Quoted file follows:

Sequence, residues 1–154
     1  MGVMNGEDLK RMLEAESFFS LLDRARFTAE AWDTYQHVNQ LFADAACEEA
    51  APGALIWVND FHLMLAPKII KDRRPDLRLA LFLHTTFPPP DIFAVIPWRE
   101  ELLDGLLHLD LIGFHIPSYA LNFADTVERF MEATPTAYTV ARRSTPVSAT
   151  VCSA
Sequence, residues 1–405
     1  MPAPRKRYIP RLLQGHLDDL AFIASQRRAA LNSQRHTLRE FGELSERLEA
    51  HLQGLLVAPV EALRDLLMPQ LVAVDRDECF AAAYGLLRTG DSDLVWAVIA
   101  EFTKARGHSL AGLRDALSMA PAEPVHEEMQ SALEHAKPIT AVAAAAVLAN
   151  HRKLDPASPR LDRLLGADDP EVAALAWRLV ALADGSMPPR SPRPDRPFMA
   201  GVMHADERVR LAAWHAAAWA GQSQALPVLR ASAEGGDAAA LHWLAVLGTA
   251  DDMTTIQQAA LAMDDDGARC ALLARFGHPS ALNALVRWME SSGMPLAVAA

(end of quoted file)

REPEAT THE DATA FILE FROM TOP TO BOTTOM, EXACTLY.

Sequence, residues 1–154
     1  MGVMNGEDLK RMLEAESFFS LLDRARFTAE AWDTYQHVNQ LFADAACEEA
    51  APGALIWVND FHLMLAPKII KDRRPDLRLA LFLHTTFPPP DIFAVIPWRE
   101  ELLDGLLHLD LIGFHIPSYA LNFADTVERF MEATPTAYTV ARRSTPVSAT
   151  VCSA
Sequence, residues 1–405
     1  MPAPRKRYIP RLLQGHLDDL AFIASQRRAA LNSQRHTLRE FGELSERLEA
    51  HLQGLLVAPV EALRDLLMPQ LVAVDRDECF AAAYGLLRTG DSDLVWAVIA
   101  EFTKARGHSL AGLRDALSMA PAEPVHEEMQ SALEHAKPIT AVAAAAVLAN
   151  HRKLDPASPR LDRLLGADDP EVAALAWRLV ALADGSMPPR SPRPDRPFMA
   201  GVMHADERVR LAAWHAAAWA GQSQALPVLR ASAEGGDAAA LHWLAVLGTA
   251  DDMTTIQQAA LAMDDDGARC ALLARFGHPS ALNALVRWME SSGMPLAVAA